Currency cards – are they the best option for travel money?

Many travellers are turning to prepaid currency cards for their foreign currency but are they the best option for travel money?

Traditionally when going abroad travellers have purchased their foreign currency through high street foreign exchange providers or perhaps at the Bureaux de Changes facilities at airports.

The foreign currency provided being either cash or travellers cheques.

The worry is exchanging the right amount of money and of course there’s then the cost – travel exchange money at 0% may not be what it seems.

Using a debit card for your travel money is an option but this can be costly.

The exchange rate used is invariably poor, meaning you don’t get as much for your money as you expect. On top of that there is generally a transaction fee of around 2.75% and an additional fee for a point of sale transaction or for withdrawal from a cash machine.

Credit cards could also be used.

Most credit cards though also charge a foreign currency transaction fee, usually around 2%.

There are some that don’t, the Nationwide Gold credit card for example on which Nationwide currently absorb the Visa costs for transacting in other than sterling. This however will change from 6 May when this charge will be passed on.

Credit cards also usually carry a cash withdrawal fee and hefty interest rate charges on cash withdrawals.

So then we have currency cards.

With these, you load the card up with your chosen currency (US Dollars, Euros or British Pounds) before you travel and then you use the card around the world – at cash machines (ATMs), shops and restaurants.

Mastercard credit cards  in a jeans pocket

The currency cards are either aligned to Visa or MasterCard.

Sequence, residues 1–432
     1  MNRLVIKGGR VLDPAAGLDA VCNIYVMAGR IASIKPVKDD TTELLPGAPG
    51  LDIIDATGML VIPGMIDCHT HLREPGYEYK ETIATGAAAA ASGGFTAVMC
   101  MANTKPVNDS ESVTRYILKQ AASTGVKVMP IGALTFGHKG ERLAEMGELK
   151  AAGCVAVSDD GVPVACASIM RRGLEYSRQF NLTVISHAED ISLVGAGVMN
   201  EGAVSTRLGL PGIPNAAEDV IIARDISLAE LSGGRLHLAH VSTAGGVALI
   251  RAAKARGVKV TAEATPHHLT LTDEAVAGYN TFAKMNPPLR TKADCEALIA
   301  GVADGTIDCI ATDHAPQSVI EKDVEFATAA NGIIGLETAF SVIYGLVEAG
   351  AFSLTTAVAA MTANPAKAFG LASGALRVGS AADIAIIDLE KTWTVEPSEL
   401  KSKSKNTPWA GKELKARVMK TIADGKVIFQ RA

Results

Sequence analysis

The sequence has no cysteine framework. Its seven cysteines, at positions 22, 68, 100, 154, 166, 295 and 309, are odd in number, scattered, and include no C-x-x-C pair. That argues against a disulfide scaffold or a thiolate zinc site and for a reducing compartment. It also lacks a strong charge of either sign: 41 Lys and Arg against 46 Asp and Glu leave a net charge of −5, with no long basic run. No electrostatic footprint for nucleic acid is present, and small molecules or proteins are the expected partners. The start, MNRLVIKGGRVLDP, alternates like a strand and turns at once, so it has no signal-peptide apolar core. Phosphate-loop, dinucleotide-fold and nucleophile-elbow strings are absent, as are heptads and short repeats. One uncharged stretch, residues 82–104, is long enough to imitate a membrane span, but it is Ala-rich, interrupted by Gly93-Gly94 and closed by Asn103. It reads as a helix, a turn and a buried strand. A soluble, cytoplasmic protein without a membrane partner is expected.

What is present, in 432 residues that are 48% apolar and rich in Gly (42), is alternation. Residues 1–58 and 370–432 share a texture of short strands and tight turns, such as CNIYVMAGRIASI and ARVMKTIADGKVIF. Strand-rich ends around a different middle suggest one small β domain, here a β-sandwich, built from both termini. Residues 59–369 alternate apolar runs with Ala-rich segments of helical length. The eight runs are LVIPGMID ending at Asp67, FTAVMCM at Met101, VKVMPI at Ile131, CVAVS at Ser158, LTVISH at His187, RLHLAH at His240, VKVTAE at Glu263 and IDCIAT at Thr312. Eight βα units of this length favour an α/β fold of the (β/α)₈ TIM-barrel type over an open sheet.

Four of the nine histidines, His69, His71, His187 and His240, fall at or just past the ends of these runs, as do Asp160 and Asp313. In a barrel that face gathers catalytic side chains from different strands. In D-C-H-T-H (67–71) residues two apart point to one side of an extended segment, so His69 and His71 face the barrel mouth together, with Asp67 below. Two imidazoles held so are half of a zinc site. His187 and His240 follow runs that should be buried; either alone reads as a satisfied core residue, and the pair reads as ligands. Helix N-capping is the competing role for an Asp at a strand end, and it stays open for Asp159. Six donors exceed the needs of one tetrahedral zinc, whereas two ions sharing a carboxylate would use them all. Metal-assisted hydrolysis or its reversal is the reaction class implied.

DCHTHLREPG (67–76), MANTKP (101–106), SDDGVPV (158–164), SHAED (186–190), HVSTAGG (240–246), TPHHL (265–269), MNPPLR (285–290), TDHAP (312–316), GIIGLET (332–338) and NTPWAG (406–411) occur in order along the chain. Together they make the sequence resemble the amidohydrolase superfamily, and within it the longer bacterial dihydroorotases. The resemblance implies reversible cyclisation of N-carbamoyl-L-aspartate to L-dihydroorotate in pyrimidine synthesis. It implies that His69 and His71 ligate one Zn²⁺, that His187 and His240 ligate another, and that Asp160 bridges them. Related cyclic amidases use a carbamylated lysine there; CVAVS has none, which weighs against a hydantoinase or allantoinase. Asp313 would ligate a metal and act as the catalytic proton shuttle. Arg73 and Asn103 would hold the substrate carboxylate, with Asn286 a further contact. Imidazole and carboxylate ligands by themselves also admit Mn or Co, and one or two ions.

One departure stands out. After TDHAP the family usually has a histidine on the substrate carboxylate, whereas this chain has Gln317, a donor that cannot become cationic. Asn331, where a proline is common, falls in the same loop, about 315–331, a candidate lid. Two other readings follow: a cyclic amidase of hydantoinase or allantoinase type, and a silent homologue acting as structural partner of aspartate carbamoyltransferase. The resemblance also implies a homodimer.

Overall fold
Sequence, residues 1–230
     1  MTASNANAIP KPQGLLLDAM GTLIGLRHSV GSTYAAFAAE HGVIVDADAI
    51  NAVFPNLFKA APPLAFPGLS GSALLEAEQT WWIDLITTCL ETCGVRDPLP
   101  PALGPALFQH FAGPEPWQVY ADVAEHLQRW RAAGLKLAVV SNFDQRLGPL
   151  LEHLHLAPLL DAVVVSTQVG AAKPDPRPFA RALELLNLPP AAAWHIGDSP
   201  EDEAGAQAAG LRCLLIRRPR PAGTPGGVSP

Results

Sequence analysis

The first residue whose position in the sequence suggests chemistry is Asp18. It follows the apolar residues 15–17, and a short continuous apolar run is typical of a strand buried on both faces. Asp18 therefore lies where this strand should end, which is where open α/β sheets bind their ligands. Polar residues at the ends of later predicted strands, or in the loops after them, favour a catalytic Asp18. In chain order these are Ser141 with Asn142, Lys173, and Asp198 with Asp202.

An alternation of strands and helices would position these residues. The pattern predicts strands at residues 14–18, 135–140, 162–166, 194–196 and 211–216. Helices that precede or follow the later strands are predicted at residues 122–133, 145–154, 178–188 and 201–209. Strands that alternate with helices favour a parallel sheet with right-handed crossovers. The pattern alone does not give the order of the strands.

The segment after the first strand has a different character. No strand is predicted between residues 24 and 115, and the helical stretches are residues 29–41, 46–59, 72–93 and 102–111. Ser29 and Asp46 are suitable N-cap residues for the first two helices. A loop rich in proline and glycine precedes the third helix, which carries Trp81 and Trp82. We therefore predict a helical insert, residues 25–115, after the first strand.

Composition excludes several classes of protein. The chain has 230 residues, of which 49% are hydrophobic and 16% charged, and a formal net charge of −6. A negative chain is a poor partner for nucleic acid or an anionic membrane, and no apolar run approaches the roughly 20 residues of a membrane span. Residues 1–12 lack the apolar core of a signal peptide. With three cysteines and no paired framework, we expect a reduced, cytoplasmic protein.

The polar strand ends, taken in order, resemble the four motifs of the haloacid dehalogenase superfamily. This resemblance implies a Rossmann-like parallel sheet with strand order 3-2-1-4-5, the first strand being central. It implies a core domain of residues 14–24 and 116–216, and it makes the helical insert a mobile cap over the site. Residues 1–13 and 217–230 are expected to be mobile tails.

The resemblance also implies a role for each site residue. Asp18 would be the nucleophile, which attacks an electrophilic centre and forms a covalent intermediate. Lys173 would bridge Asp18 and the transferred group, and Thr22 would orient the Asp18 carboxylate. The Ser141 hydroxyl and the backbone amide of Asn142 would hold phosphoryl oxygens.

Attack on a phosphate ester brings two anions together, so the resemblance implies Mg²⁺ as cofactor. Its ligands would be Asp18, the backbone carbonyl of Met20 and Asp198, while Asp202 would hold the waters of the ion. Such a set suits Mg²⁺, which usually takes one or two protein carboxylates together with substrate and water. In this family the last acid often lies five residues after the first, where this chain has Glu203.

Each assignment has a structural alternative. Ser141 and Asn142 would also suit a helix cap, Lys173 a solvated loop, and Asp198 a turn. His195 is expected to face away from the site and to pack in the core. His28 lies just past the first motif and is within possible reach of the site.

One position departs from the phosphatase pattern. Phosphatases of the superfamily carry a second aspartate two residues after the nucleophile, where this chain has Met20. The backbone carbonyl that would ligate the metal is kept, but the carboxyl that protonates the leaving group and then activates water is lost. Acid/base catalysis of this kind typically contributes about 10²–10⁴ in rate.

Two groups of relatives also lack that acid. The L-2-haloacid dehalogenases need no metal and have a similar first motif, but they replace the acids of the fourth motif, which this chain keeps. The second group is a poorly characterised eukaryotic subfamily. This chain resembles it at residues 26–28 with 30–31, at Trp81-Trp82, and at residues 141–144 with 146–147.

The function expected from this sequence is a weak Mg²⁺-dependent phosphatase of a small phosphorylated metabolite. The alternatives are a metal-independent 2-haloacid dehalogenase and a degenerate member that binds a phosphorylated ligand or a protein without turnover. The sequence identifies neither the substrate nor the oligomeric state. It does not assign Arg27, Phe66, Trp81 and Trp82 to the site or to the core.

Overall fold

As well as the currency card being hugely convenient to use it also offers security, it’s safer than cash and it is a card that is completely separate from your bank account. There’s chip and pin protection too.

Critically you can easily control and save money with currency cards:

  • no foreign exchange charges on purchases (as long as you stick to the currency on the card)
  • no commission fees
  • fix the exchange rate at the time of loading your money onto the card so you know what everything costs when using it
  • load money onto the card easily to the level that you want
  • rollover funds not spent to your next trip

Currency cards are growing in popularity and quite predictably so too are the number of providers – from high street banks, such as Lloyds TSB, to the Post Office, to Travelex and other perhaps less known names such as FairFX and Caxton FX, to name but a few.

Each of the currency card providers of course offer their own specific advantages and disadvantages.

Key questions you might now have include :

  1. How can I get a currency card?
  2. How much do they cost?
  3. Who offers the best deals?

We’ll consider these questions in future articles on currency cards.

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